Alraune follows the nocturnal trip of an urban digital native into the world of a secret fetish society, which promises the best sex ever — through the magic of the Mandragora plant. But the transgressive experience has horrible side effects: he is confronted with a monstrous and deadly manifestation of his own sexual obsessions.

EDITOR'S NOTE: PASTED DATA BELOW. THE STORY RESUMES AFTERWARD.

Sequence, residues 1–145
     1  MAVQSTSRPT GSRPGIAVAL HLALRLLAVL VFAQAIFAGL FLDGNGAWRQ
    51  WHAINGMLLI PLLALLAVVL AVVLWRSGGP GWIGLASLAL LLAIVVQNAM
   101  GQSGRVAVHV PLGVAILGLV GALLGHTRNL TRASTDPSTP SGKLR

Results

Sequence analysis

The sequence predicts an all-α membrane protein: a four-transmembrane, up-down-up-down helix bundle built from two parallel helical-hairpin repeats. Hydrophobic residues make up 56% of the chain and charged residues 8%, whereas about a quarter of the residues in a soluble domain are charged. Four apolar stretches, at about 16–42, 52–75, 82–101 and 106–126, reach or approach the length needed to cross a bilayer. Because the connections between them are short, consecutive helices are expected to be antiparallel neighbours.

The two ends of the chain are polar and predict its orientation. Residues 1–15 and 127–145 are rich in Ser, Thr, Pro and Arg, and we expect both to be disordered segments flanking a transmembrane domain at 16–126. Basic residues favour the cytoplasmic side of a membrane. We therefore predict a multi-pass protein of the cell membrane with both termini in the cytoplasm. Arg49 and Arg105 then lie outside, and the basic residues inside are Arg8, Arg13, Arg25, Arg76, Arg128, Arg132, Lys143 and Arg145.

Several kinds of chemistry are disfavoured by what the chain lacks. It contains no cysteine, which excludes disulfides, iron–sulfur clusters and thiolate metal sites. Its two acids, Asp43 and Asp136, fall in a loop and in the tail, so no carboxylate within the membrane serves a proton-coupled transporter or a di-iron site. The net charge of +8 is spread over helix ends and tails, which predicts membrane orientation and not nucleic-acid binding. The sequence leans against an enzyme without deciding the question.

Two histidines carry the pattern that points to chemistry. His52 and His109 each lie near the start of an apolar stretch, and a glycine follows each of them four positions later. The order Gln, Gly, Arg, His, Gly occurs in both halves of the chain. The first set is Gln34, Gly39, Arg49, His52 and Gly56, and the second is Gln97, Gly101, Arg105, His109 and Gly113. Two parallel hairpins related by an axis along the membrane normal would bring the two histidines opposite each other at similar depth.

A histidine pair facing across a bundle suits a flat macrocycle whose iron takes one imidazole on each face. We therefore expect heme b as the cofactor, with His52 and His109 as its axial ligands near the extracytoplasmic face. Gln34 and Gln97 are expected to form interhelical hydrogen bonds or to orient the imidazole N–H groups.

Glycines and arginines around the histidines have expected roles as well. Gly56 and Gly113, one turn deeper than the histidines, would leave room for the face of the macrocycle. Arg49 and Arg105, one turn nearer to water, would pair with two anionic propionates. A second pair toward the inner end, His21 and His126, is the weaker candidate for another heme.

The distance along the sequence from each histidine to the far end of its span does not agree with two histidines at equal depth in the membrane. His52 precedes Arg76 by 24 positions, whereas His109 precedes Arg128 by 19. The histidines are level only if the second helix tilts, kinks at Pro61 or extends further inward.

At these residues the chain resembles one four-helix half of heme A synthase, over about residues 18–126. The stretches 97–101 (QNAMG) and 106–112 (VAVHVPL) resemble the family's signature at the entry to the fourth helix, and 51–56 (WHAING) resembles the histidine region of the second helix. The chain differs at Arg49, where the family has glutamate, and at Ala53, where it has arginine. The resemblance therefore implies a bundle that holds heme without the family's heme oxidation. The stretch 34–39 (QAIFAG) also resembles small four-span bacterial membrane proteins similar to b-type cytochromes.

Alraune is the final and longest of the films. We follow Eden (Milton Welsh, The Grand Budapest Hotel), a sleazy, yet slick fashion photographer who has a taste for hardcore pornography, chat rooms and everything seedy.He recounts to his lover, Maya (Désirée Giorgetti, Age of the Dead) a tale about an encounter with a mysterious and beautiful dancer by the name of Kira (Kristina Kostiv, Ein Teil von mir…) with whom he meets online. The pair arrange a meeting at a local club where they get well ‘acquainted’ in the toilet (as most good romance stories start). Obsessed, he later tracks her down to an apartment where he meets an equally mysterious man named Petrus (Rüdiger Kuhlbrodt, Der Tunnel) who promises him an experience he won’t forget. The apartment doubles up as the pleasure palace for a secret fetish society, a place where all your darkest and wildest fantasies will come true. Petrus introduces Eden to the Mandragora plant (Alraune is the German translation). A plant that he promises will provide Eden with some of the greatest sexual pleasures he will ever experience. Unfortunately for Eden, the plant has some rather startling side effects that will affect his life for the worse. Mandragora can also refer to a demon. Maybe Eden should have spent more time brushing up on his horticultural studies as opposed to ‘brushing’ up on himself when he’s on the internet! Although the most visually striking and accomplished of the three films, I found this one to be a bit too slow. The film is predominately English speaking and both myself and my better half (who is German) found the script and its execution too clean. Of course, being surrounded by those who speak the language, that’s only a personal observation that shouldn’t be too distracting to most. Even though some of the imagery is just as brutal as both previous films, the film shines with its psychological elements. Think of the best aspects of the Silent Hill franchise and Jacob’s Ladder melded together. The dialogue can be a bit cheesy, but the film is well acted overall. Those looking for some nasty twist and turns will be pleasantly surprised with how the film pans out. A true descent in to techno madness.